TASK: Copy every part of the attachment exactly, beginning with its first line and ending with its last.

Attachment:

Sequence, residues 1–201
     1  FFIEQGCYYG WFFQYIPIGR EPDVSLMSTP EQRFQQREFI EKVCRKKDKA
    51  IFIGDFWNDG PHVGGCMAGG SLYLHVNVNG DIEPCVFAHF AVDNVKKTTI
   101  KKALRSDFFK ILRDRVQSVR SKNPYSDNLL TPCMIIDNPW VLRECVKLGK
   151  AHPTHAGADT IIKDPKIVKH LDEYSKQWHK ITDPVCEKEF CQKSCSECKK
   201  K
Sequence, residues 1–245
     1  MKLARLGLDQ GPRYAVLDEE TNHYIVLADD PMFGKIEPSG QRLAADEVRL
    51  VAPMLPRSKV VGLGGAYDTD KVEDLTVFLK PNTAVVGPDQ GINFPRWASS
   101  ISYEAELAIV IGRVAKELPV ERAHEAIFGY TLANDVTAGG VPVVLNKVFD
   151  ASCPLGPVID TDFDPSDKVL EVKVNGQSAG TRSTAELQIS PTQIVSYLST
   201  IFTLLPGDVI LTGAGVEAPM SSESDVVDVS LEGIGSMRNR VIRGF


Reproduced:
Sequence, residues 1–201
     1  FFIEQGCYYG WFFQYIPIGR EPDVSLMSTP EQRFQQREFI EKVCRKKDKA
    51  IFIGDFWNDG PHVGGCMAGG SLYLHVNVNG DIEPCVFAHF AVDNVKKTTI
   101  KKALRSDFFK ILRDRVQSVR SKNPYSDNLL TPCMIIDNPW VLRECVKLGK
   151  AHPTHAGADT IIKDPKIVKH LDEYSKQWHK ITDPVCEKEF CQKSCSECKK
   201  K
Sequence, residues 1–245
     1  MKLARLGLDQ GPRYAVLDEE TNHYIVLADD PMFGKIEPSG QRLAADEVRL
    51  VAPMLPRSKV VGLGGAYDTD KVEDLTVFLK PNTAVVGPDQ GINFPRWASS
   101  ISYEAELAIV IGRVAKELPV ERAHEAIFGY TLANDVTAGG VPVVLNKVFD
   151  ASCPLGPVID TDFDPSDKVL EVKVNGQSAG TRSTAELQIS PTQIVSYLST
   201  IFTLLPGDVI LTGAGVEAPM SSESDVVDVS LEGIGSMRNR VIRGF